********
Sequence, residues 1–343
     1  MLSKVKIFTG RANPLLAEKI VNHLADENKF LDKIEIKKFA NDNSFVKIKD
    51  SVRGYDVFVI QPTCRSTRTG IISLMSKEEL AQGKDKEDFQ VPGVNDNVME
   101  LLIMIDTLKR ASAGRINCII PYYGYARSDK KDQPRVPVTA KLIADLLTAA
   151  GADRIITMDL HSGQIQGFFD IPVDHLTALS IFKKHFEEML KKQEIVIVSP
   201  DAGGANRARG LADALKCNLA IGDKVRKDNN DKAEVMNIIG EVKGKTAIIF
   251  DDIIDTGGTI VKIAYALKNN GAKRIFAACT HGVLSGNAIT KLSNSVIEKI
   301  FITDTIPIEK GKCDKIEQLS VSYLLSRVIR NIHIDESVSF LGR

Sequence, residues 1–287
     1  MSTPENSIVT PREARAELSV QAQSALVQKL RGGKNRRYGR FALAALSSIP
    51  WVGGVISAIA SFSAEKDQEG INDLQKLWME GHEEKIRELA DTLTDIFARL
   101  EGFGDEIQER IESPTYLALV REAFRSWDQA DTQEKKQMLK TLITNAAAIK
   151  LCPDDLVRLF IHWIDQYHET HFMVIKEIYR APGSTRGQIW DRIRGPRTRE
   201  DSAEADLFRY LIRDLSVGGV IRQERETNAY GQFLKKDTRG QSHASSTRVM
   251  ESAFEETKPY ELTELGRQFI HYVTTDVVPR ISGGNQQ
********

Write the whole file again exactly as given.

Sequence, residues 1–343
     1  MLSKVKIFTG RANPLLAEKI VNHLADENKF LDKIEIKKFA NDNSFVKIKD
    51  SVRGYDVFVI QPTCRSTRTG IISLMSKEEL AQGKDKEDFQ VPGVNDNVME
   101  LLIMIDTLKR ASAGRINCII PYYGYARSDK KDQPRVPVTA KLIADLLTAA
   151  GADRIITMDL HSGQIQGFFD IPVDHLTALS IFKKHFEEML KKQEIVIVSP
   201  DAGGANRARG LADALKCNLA IGDKVRKDNN DKAEVMNIIG EVKGKTAIIF
   251  DDIIDTGGTI VKIAYALKNN GAKRIFAACT HGVLSGNAIT KLSNSVIEKI
   301  FITDTIPIEK GKCDKIEQLS VSYLLSRVIR NIHIDESVSF LGR

Sequence, residues 1–287
     1  MSTPENSIVT PREARAELSV QAQSALVQKL RGGKNRRYGR FALAALSSIP
    51  WVGGVISAIA SFSAEKDQEG INDLQKLWME GHEEKIRELA DTLTDIFARL
   101  EGFGDEIQER IESPTYLALV REAFRSWDQA DTQEKKQMLK TLITNAAAIK
   151  LCPDDLVRLF IHWIDQYHET HFMVIKEIYR APGSTRGQIW DRIRGPRTRE
   201  DSAEADLFRY LIRDLSVGGV IRQERETNAY GQFLKKDTRG QSHASSTRVM
   251  ESAFEETKPY ELTELGRQFI HYVTTDVVPR ISGGNQQ